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A big fish in a small town.

Monticello's SeaArk Marine Inc. Makes A Name For Itself In The Workboat Manufacturing Industry

The next time you're in Pine Bluff, look out on the Arkansas River.

You just might catch a glimpse of a mudpuppy, an osprey or even a wahoo.

What are these creatures doing on the Arkansas River?

Well, they're boats.

SeaArk Marine Inc. of Monticello is one of the nation's leading builders of small and medium-size workboats. The company had 1991 revenues of $8 million.

SeaArk tests its products on the Arkansas River at Pine Bluff.

The Mudpuppy, Osprey and Wahoo are three of the models recently built by SeaArk for the Environmental Protection Agency. The boats are specially designed by SeaArk for environmental projects.

The Mudpuppy, a 27-foot flatbottom aluminum workboat, is used to test sediments in the Great Lakes basin for toxic pollutants, according to SeaArk's marketing director, Robin McClendon. EPA officials hope the five-year study, mandated by the Clean Water Act of 1987, will identify areas that need to be cleaned up.

The Mudpuppy is equipped with a sophisticated computer system and can be transported on a trailer, which allows for easy road transfers when water travel is not feasible.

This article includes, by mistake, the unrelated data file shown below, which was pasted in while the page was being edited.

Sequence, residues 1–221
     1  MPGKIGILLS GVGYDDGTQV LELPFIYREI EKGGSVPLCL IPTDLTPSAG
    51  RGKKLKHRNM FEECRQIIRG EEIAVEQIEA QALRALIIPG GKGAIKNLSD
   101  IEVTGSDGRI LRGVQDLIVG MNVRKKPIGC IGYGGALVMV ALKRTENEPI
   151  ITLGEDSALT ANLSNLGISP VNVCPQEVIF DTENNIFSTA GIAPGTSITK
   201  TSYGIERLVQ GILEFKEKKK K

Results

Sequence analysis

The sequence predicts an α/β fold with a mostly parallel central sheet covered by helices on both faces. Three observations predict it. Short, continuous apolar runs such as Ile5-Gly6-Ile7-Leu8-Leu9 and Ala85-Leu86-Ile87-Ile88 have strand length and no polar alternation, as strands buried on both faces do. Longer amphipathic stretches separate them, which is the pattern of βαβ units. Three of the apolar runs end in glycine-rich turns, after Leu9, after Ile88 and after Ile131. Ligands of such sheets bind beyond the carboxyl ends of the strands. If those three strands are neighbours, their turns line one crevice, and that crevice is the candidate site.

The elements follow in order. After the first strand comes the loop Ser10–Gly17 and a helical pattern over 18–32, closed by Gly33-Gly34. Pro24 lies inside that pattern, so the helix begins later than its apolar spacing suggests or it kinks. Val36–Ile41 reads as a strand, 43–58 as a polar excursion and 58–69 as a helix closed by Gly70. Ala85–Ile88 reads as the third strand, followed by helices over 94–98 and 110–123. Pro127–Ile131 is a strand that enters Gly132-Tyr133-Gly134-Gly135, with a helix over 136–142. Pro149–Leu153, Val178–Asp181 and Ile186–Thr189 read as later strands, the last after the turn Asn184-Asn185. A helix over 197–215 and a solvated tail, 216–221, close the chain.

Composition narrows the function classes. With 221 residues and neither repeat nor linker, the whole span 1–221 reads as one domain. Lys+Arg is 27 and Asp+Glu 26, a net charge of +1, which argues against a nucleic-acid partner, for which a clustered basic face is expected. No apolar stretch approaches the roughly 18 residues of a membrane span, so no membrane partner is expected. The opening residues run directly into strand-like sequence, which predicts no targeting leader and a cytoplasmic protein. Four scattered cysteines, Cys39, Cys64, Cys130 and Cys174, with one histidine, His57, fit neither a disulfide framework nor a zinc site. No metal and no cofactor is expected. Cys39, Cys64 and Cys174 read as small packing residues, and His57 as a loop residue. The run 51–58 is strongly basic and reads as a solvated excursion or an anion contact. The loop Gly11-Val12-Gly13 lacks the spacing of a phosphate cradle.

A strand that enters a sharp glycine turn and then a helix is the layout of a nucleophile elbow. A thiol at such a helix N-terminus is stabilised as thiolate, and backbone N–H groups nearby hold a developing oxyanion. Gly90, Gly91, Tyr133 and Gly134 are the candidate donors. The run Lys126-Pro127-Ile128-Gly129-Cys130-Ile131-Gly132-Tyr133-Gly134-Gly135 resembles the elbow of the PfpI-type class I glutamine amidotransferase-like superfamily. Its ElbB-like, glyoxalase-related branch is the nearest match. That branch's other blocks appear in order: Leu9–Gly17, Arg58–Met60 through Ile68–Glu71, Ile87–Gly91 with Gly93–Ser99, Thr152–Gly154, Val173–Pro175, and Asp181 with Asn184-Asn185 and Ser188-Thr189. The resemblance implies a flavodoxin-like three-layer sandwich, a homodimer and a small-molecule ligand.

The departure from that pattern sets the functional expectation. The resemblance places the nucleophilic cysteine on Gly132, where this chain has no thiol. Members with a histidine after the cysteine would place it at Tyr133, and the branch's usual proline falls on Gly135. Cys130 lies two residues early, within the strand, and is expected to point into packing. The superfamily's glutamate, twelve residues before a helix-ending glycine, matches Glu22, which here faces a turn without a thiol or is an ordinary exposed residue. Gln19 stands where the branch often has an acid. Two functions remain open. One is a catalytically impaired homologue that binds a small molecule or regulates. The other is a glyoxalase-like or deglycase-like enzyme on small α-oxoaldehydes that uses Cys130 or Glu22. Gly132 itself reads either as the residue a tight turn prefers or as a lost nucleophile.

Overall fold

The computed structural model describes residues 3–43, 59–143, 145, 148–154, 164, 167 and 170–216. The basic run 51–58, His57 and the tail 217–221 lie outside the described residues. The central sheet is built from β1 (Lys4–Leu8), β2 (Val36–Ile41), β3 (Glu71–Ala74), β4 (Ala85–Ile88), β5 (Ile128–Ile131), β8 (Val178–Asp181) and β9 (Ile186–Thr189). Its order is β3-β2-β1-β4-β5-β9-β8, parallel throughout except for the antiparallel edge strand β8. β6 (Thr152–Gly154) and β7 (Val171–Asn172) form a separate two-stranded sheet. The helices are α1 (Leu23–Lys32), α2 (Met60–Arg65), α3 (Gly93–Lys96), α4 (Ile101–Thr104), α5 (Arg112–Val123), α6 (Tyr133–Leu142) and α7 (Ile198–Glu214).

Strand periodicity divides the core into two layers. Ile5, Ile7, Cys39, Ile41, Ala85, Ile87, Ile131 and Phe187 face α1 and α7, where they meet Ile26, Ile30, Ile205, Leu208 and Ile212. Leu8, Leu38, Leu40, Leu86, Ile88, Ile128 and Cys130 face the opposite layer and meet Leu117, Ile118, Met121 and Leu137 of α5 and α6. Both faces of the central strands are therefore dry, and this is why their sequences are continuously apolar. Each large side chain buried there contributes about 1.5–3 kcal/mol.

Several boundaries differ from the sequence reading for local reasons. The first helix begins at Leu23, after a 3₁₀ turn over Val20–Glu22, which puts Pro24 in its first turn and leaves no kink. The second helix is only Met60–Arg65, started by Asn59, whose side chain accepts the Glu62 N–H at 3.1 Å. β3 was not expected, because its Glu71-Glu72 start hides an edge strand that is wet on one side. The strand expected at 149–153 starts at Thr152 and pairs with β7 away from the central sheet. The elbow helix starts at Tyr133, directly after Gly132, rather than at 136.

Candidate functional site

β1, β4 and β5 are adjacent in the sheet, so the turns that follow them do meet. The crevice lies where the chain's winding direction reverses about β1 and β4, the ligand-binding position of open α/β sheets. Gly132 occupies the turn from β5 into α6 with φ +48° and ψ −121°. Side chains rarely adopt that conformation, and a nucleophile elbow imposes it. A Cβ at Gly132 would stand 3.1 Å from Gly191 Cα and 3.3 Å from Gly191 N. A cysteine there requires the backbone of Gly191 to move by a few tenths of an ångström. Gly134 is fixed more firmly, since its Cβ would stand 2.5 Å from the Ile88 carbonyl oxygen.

Four other models are being used by the EPA as part of a long-term project that will provide scientists and the public with information regarding the environmental health of other parts of the country.

For instance, SeaArk boats are used in surveys of marine life in the Gulf of Mexico. Each of the 26-foot boats has a cathedral-style hull and special equipment to determine if current pollution-control practices are effective.

Environmental Focus

SeaArk has worked with the EPA since 1972.

According to Robert Trammel, SeaArk's president since 1988, the company produces workboats for government entities ranging from the U.S. Army Corps of Engineers to the Marine Corps to the Navy. SeaArk boats are used for patrol, search and rescue, security and assault purposes.

In 1990, SeaArk delivered six assault craft to the Marines in less than 90 days. That same year, 21 SeaArk boats were used to clean up an oil spill off the Florida coast.

Although SeaArk's business is based largely on government contracts, Trammel says that's not the company's sole focus.

"We serve from 60 to 100 clients," he says.

A SeaArk boat can cost up to $1 million.

"Some of the scientific and communication equipment loaded on these boats can get very expensive," Trammel says.

SeaArk, which employs about 100 people, seems to have found its niche, the result of a major decision made by owner Zach McClendon Jr. in 1988.

SeaArk was begun by Zach McClendon Sr. and Zach McClendon Jr. in 1958 as MonArk Boat Co. The company manufactured both workboats and recreational boats.

The recreational division was sold to the Brunswick Corp. in 1988 so the company could focus on the more lucrative workboat line. SeaArk has done well since the change.

"We build them from the ground up," Trammel says. "We test them in the Arkansas River at Pine Bluff and then ship them all around the world."
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Title Annotation:Monticello's SeaArk Marine Inc.
Author:Harper, Kim
Publication:Arkansas Business
Article Type:Company Profile
Date:Feb 3, 1992
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